Blog Posts by Will Perkins

  • 3 female superhero flicks Marvel should be making now

    Thanks to “Guardians of the Galaxy,” the Marvel family of superhero movies continues be a force at the box office, wowing both critics and audiences. Part of the reason for all that success is the fact that since 2008’s “Iron Man,” Marvel Studios has been building a big screen world with a shared continuity and characters - the so-called Marvel Cinematic Universe or MCU. Movies about individual heroes like Iron Man, the Hulk, Thor, and Captain America are all part of it, and paved the way for superhero team-ups like "The Avengers."

    But if the MCU has one shortcoming, it’s the fact that despite a stacked bench of amazing superheroes (both male and female) waiting in the comic book wings, there has yet to be a Marvel movie based around a female character.

    That may change soon, as Marvel’s unofficial “Boys Only” policy is about to be challenged by rival studio Sony, the folks behind the Spider-Man franchise. Sony has thrown down the gauntlet by developing a female-centric superhero movie

    Read More »from 3 female superhero flicks Marvel should be making now
  • Read Tom Hiddleston’s excited email to Joss Whedon after reading ‘The Avengers’ script

    If you asked someone what their favourite parts of “The Avengers” or the “Thor” movies were, there’s a high probability that they’d mention a scene involving the supervillain Loki.

    Played by English actor Tom Hiddleston, the fan favourite is the troubled, troublemaking brother of the demigod Thor (Chris Hemsworth). Hiddleston’s character is scene-stealer in every movie he appears in, and is far and away one of the best elements of the Marvel Cinematic Universe.

    It’s unclear at this point what role Loki will have in future MCU movies like “Avengers: Age of Ultron” or the still undated “Thor 3.” But for those currently suffering from Loki withdrawal there’s a fantastic letter between Hiddleston and “Avengers’ writer/director Joss Whedon that appeared online this week.

    Joss Whedon and Tom Hiddleston at the premiere of 'Much Ado About Nothing' (Getty Images)Joss Whedon and Tom Hiddleston at the premiere of 'Much Ado About Nothing' (Getty Images)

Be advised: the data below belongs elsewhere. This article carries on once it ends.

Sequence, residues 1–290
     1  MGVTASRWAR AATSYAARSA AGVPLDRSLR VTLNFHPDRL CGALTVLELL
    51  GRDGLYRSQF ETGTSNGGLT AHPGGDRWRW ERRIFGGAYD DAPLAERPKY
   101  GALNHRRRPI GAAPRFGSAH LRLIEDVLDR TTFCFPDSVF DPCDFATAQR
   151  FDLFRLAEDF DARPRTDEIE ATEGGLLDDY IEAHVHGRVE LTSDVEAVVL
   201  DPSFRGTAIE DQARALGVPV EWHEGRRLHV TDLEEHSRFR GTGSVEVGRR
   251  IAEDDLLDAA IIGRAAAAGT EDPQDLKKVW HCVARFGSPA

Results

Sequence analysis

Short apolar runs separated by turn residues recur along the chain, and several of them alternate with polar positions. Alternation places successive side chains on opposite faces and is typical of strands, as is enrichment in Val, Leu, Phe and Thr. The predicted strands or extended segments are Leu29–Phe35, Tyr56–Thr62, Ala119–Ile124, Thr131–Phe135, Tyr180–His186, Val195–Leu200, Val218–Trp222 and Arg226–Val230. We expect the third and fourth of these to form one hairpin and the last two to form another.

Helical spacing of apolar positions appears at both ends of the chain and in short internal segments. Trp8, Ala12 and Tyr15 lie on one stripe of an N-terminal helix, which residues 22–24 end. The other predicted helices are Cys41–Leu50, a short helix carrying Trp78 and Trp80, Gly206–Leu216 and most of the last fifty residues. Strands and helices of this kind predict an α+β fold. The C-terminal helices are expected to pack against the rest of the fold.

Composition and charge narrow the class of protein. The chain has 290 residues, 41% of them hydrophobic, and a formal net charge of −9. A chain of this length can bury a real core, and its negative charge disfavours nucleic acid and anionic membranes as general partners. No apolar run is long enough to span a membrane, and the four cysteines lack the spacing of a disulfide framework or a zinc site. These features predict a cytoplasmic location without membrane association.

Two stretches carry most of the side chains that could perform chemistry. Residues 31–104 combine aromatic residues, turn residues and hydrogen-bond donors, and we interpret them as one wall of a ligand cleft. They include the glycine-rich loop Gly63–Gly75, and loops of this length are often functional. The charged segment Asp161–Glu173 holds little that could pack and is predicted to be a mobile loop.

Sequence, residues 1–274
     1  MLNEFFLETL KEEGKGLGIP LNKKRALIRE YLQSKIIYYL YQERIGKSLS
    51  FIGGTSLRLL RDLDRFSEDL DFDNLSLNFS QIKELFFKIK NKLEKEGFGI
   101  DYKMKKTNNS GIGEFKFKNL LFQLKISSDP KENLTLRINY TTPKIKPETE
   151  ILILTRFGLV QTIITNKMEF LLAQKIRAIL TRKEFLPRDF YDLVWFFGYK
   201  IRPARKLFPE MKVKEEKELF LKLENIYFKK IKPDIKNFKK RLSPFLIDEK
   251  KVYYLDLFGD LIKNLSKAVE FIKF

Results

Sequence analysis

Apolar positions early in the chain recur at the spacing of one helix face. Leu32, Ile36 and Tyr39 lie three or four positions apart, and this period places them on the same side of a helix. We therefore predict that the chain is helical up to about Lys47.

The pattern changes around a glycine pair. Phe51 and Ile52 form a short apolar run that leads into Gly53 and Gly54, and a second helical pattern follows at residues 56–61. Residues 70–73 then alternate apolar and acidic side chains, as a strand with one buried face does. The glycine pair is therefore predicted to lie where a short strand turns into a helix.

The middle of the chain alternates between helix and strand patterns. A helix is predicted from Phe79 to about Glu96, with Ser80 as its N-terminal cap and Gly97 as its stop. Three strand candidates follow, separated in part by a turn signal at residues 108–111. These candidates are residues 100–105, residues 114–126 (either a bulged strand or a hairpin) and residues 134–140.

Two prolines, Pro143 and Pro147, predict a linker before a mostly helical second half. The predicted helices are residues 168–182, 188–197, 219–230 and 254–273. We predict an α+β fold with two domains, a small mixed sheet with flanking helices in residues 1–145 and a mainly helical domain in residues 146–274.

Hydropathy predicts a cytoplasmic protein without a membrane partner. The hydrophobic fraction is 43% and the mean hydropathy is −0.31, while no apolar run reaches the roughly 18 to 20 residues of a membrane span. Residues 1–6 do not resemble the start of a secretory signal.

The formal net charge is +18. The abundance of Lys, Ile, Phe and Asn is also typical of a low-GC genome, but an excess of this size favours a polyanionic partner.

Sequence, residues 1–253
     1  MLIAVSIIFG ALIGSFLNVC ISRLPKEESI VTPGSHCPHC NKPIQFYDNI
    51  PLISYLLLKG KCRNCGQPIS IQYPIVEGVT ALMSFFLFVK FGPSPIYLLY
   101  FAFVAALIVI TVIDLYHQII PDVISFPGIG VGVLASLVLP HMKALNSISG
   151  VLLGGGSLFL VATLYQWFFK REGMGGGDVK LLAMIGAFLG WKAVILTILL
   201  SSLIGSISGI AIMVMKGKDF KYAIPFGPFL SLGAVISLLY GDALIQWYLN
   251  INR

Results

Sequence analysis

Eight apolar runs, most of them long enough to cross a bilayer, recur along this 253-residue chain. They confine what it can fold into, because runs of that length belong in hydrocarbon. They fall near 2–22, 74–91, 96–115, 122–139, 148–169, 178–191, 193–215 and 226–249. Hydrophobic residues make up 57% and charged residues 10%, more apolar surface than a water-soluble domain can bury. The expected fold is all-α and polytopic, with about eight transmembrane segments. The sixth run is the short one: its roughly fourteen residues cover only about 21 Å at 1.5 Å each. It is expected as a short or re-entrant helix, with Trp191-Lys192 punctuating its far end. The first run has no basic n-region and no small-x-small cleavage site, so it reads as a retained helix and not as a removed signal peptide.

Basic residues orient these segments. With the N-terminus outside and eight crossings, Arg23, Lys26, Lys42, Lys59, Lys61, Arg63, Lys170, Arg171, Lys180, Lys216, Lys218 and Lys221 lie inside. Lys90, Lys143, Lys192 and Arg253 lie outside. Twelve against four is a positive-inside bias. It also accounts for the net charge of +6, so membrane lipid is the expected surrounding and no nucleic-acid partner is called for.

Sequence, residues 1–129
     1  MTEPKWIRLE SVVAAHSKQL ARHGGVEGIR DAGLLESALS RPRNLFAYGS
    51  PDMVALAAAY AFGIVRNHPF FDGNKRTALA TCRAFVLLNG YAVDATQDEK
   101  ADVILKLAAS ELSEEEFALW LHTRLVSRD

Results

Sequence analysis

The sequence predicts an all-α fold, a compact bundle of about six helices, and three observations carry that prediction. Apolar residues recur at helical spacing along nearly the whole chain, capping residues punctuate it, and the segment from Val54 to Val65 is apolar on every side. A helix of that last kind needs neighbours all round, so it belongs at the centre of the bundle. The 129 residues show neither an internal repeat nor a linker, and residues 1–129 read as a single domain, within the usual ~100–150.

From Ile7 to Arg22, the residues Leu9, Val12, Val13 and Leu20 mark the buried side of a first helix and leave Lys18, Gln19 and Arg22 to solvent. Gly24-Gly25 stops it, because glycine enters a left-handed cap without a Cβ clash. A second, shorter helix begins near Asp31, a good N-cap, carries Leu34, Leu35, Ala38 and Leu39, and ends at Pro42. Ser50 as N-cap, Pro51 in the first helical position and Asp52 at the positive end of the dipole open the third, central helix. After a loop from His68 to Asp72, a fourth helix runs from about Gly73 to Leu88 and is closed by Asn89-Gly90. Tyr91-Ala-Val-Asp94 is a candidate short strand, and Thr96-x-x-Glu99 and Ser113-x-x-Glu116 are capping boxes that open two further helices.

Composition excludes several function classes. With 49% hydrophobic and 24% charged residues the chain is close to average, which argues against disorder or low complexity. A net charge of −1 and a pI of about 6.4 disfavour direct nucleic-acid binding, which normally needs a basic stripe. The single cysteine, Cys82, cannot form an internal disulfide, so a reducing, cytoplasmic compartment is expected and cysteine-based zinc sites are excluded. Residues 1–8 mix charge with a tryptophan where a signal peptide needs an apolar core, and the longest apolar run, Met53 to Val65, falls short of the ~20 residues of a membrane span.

Business Insider published the letter, which appears in the forthcoming book "Joss Whedon: The Biography," and it gives Marvel fans some awesome insight into how Hiddleston views the character of Loki:

    Joss,

    I am so

    Read More »from Read Tom Hiddleston’s excited email to Joss Whedon after reading ‘The Avengers’ script
  • Photo by Albert L. Ortega/Getty ImagesPhoto by Albert L. Ortega/Getty Images
    It's been a busy year for director Kevin Smith.

    When he’s not making movies, like “Jay and Silent Bob Strike Back,” “Zack and Miri Make a Porno,” or “Red State,” he’s usually touring with his podcast, complaining about Jennifer Garner, or rightfully bragging that he got to visit the set of “Star Wars Episode VII.”

    The “Clerks” filmmaker is set to be even busier later this year when his new horror-comedy “Tusk” hits theatres. The film, which stars Justin Long, Haley Joel Osment, Genesis Rodriguez, and Smith’s “Red State” collaborator Michael Parks, has a pretty disturbing premise. “Tusk” is the story of a popular American podcaster (Long) who is kidnapped by an eccentric recluse (Parks) in rural Manitoba and slowly transformed into a creature resembling a walrus. “Tusk” will have its world premiere at the 2014 Toronto International Film Festival. Not only is “Tusk” Smith’s first foray into the horror genre, it’s also the first time one of his films has been set in Canada – but from the

    Read More »from Kevin Smith set to make Canadian ‘True North’ trilogy, will include ‘Jaws with a moose’ pic ‘Moose Jaws’
  • TIFF 2014: Midnight Madness brings horror and more to Toronto

    When most people think of the Toronto International Film Festival, things like celebrities, red carpets and arty films usually spring to mind.